Red Cliff Artist Donates Work to Keep Doula Project Going

Birth of Nanabozho

Birth of Nanabozho

Most newborns emerge with big medical bills, but a group of area women has been giving moms-to-be priceless emotional support.

”We serve the community, and the community serves us,” said Erin Tenney of Bayfield, a volunteer doula with the Bami-Ondaadiziike Birth Doula Program. “It’s really a circle of giving.”

Since its start at the Red Cliff Health Center in 2005, the program has established a network of nearly a dozen trained doulas to help Chequamegon Bay-area women and their partners. Playing a role that’s existed since antiquity, doulas don’t replace a woman’s doctor or midwife. Rather, they provide services these others can’t always give — like help writing a birth plan or a giving a soothing massage during labor — which empower women to feel more in control of the situation.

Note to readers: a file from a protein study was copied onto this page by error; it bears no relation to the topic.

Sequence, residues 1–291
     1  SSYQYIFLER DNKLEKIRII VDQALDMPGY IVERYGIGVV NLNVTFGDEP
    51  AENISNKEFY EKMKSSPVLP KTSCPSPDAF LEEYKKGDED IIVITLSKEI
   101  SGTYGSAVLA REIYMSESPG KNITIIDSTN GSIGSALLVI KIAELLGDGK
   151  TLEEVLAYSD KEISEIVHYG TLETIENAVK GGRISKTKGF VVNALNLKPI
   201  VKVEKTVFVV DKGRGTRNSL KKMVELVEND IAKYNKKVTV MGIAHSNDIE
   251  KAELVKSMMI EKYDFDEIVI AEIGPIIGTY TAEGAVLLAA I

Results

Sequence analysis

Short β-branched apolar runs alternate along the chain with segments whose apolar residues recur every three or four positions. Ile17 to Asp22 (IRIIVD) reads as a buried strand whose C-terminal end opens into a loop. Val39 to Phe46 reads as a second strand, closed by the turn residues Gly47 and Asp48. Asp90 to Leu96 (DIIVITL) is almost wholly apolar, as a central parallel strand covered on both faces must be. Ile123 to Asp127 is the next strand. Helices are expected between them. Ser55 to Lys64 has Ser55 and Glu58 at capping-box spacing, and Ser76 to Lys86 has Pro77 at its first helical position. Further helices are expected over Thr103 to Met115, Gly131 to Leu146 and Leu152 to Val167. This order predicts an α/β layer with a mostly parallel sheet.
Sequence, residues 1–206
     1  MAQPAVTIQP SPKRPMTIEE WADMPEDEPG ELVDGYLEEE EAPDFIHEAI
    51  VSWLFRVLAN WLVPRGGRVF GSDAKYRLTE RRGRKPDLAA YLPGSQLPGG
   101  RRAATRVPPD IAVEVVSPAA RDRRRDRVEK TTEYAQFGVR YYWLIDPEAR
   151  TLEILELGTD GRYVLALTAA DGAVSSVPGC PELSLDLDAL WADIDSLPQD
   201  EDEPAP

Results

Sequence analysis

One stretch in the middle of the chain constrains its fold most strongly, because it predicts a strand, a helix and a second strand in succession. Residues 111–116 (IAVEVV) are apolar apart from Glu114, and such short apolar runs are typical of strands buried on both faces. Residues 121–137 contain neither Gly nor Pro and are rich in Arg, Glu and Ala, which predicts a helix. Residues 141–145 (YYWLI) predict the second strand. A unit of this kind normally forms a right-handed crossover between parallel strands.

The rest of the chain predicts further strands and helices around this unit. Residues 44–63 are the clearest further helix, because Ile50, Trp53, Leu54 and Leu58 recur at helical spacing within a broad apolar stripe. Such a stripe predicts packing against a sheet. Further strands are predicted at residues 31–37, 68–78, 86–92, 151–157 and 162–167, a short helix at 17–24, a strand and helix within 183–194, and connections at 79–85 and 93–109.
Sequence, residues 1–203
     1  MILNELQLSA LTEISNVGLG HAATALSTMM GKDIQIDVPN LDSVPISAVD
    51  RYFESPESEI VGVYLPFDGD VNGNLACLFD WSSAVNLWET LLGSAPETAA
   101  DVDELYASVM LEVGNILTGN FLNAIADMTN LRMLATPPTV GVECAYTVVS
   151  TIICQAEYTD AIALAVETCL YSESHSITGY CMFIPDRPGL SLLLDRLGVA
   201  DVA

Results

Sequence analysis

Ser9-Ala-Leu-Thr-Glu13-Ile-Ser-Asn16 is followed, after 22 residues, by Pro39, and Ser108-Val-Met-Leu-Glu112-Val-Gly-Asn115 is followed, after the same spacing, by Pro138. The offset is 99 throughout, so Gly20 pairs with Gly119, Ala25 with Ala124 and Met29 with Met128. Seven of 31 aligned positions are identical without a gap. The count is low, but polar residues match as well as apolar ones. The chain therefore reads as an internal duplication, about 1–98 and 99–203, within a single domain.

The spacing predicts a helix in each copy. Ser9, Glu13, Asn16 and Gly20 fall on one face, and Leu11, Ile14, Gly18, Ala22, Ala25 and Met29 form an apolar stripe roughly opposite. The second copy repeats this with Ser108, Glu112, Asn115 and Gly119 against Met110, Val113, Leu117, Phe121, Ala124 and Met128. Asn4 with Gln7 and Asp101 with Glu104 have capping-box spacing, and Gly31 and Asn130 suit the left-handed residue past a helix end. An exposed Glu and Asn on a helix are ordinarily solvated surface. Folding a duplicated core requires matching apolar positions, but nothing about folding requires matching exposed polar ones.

And now, to help sustain the project’s grassroots efforts, the Ojibwe artist Rabbett Before Horses Strickland has given the program permission to use the image from “Birth of Nanabozho.” It’s a large oil painting that depicts the birth of Nanabozho, a central figure in Anishinabe cosmology, whose laboring mother Winoah is being supported by her husband, the spirit Epingishmook.
— Ashland Daily Press: A Circle of Giving, November 26, 2007